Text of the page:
Saturday, 4 April 2015

Newry bush block

Had a walk around a bush block this morning between the dawn Easter service and the regular 10am church service. 15*C, dead calm, little/no cloud. Perfect.

Red-browed Finch Neochmia temporalis
Yellow-Rumped Thornbill Acanthiza chrysorrhoa
Yellow-Rumped Thornbill Acanthiza chrysorrhoa
Striated Pardalote Pardalotus striatus
Varied Sitella Daphoenositta chrysoptera
With spider's nest in beak
Varied Sitella Daphoenositta chrysoptera
Varied Sitella Daphoenositta chrysoptera
Black-faced Cuckoo-shrike Coracina novaehollandiae
Rufous Whistler Pachycephala rufiventris
Rufous Whistler Pachycephala rufiventris
Magic! f8 and be there.

Double-banded Plover surprise

I have been following the avian population at a local ephemeral wetland. There is a previous post here. I went last Monday and it was pretty much as I expected. The water in the middle was just a puddle, presumably hyper-saline. There were no birds visible at all apart from 10 or so Masked Lapwing doing their usual "kerr-kick-ki-ki-ki" at apparently something [but not discernible to me] but also involving flying to other parts of the dried mudflats.

Just a small amount of moisture to the right of middle of the image
I had a squizz through the bins looking for the Red-necked Stints and Red-capped Plovers which I was sure were there although, if not flying, not visible to the naked eye from the roadside fence. Hard to spot until they move. Their feather colours camouflage them beautifully to the white and browns of the mudflats. I saw there were about 150 or so resting, sleeping and feeding but there were some, forty or so, that were a tad bigger and browner than the RCPs and RNSs which are about the same size. Not big enough for Sharpies, which I haven't seen for a few weeks now, so what/who were they.

Sort this lot out. There are about 35 birds in this field of view.
Clambering over the two fences and across the rip lines [for planting this coming winter], I struggled with the scope, the bins, the camera and a coffee. Once at the "shoreline" I was able to see them clearly and was delighted to ident them as Double-banded Plovers -- a life tick!!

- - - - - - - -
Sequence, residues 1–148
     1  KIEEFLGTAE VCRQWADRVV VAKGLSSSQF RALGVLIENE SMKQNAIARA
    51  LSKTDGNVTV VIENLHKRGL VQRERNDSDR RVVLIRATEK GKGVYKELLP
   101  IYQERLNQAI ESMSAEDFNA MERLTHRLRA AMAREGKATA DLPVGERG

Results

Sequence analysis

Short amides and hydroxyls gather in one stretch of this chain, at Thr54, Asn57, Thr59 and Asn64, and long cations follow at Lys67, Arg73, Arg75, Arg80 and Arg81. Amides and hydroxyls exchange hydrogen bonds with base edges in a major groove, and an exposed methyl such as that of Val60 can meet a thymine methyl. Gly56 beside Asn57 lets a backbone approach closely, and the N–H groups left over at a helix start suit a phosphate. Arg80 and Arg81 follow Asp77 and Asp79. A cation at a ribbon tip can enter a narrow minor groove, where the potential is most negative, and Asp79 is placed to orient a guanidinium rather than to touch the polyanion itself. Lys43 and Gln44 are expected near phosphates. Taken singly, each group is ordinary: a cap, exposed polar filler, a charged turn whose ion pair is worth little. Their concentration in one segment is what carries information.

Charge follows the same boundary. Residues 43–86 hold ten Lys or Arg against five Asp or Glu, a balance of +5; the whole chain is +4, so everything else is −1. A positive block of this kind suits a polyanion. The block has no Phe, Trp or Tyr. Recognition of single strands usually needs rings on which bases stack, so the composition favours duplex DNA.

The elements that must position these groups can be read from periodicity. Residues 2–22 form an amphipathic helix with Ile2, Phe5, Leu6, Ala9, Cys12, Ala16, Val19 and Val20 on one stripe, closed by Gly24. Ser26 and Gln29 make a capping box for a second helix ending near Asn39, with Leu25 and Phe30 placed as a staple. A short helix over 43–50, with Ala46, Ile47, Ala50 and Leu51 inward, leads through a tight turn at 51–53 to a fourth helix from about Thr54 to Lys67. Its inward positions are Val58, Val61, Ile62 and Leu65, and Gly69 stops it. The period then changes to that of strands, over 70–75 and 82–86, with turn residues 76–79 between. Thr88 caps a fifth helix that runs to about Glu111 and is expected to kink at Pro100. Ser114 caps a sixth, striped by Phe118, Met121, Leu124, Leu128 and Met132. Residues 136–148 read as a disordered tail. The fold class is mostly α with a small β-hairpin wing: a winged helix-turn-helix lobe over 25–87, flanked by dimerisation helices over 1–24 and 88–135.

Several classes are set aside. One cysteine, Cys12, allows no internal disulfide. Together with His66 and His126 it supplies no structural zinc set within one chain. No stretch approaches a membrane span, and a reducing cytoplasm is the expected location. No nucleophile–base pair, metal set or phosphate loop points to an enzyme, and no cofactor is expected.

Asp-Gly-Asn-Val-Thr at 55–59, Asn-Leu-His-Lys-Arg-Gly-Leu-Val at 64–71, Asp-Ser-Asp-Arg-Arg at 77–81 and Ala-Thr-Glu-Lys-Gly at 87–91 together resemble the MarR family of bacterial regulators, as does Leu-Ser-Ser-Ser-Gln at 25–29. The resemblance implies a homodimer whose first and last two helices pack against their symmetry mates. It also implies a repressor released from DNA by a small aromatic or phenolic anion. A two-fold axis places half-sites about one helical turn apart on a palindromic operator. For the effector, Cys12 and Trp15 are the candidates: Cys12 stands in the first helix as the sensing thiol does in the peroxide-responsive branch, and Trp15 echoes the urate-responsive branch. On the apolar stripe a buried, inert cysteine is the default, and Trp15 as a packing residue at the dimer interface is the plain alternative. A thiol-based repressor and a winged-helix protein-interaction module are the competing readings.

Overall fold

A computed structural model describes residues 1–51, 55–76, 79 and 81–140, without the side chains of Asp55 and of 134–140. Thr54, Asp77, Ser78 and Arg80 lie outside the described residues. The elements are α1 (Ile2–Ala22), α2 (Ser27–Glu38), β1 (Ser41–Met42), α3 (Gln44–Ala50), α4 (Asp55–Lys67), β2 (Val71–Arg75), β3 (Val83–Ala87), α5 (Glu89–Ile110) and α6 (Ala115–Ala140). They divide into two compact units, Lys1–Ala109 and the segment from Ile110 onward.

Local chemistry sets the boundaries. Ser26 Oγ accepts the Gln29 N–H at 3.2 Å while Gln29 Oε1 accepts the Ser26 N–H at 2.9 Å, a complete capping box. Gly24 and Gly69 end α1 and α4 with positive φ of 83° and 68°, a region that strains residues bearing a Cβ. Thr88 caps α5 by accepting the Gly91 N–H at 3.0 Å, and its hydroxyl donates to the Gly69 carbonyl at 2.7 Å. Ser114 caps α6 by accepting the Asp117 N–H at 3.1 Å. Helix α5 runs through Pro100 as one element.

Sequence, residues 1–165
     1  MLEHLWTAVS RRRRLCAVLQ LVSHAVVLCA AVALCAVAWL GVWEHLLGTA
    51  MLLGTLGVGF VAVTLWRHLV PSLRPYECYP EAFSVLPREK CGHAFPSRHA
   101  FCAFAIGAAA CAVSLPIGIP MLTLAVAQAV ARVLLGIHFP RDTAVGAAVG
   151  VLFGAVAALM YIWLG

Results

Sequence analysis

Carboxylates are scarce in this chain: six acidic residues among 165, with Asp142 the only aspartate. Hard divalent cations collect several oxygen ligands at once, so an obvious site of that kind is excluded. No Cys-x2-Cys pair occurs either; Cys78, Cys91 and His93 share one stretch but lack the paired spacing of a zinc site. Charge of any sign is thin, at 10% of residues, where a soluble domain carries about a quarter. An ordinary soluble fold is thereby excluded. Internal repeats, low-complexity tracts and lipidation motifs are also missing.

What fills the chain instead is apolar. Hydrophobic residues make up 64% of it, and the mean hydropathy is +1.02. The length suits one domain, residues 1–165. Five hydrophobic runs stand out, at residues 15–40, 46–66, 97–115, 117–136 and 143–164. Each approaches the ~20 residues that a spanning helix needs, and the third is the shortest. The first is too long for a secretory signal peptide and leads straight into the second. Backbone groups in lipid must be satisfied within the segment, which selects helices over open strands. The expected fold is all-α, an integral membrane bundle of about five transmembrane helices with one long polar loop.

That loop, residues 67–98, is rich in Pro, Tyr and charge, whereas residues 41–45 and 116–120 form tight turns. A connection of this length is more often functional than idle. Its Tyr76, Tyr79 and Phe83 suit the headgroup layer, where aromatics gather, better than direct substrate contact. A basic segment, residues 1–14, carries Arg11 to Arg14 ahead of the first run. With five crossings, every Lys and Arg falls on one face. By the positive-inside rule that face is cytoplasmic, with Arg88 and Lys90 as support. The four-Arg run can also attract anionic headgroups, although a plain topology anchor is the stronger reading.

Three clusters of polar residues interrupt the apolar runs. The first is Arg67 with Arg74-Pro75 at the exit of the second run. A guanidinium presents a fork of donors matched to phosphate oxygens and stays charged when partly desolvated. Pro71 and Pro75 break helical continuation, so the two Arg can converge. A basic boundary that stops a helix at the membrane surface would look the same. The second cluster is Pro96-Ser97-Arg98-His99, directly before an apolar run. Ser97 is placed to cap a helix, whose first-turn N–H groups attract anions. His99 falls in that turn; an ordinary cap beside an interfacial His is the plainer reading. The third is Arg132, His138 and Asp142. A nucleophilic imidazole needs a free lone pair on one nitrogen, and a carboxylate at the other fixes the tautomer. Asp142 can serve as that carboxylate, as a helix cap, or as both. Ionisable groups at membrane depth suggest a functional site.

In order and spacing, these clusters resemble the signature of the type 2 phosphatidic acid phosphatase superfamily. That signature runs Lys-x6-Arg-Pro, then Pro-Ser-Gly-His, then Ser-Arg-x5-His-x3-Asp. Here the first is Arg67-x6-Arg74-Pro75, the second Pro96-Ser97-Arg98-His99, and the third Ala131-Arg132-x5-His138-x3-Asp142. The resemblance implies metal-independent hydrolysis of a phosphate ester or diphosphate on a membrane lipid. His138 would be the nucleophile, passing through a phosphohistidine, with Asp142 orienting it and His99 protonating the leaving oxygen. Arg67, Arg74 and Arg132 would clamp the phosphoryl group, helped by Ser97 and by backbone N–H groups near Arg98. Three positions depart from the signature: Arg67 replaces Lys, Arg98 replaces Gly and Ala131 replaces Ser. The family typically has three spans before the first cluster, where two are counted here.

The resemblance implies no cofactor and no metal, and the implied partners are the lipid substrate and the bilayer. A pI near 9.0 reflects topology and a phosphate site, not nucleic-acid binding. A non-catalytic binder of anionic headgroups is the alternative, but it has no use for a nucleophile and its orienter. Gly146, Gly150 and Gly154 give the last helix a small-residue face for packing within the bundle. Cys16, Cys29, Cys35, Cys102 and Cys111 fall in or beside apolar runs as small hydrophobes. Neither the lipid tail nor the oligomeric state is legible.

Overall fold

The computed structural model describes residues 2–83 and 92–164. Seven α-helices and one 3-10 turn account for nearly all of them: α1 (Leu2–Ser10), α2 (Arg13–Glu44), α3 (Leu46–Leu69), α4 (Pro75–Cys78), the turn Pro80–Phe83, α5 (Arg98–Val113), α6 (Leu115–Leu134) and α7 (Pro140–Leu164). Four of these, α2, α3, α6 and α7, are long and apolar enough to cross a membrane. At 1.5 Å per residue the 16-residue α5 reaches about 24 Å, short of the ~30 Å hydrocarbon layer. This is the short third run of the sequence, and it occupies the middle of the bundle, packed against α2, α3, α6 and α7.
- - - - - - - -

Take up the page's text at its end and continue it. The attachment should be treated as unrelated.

They spend the summer in NZ, breeding there, resplendent in their breeding plumage with the double bands. The higher one is a sharp black band across the throat and the lower one is a broad chestnut band across the breast. The non breeding plumage is traces [a tab Morcombe] of either band at the sides as seen in the image. They behaved as per RCPs with the abrupt stop-start, run-pause movements.

Double-banded Plover -- another in background.
Good example of the band tabs.
DBP x 3
RCP in the background to the right.
Magic. f8 and be there!

Thursday, 2 April 2015

Heyfield Birdoes visit Newry and environs

Despite a gale blowing today, we visited Nicholson Rocks along Kentucky Road but the real excitement was had at a set of cattle yards on the way there. They were situated on a north-south ridge and, with the wind from the west at 44-60 kph, the eastern side behind some well placed manuka provided excellent shelter for a heap of small birds seeking insects and seeds from a well eaten out and poo-covered paddock. John and Marg had visited the spot before and knew what we would find. We were so impressed, we stopped again on the way home.

Diamond Firetail
Red-browed Finch
Grey Fantail
Jacky Winter
Mrs Scarlet Robin
Mr Scarlet Robin

Other species seen but not successfully photographed were Tree Martin, Welcome Swallow, Yellow-rumped Hornbill, Willie Wagtail, Yellow Hornbill, Buff-rumped Thornbill and Dusky Woodswallow.

Magic! f8 and be there.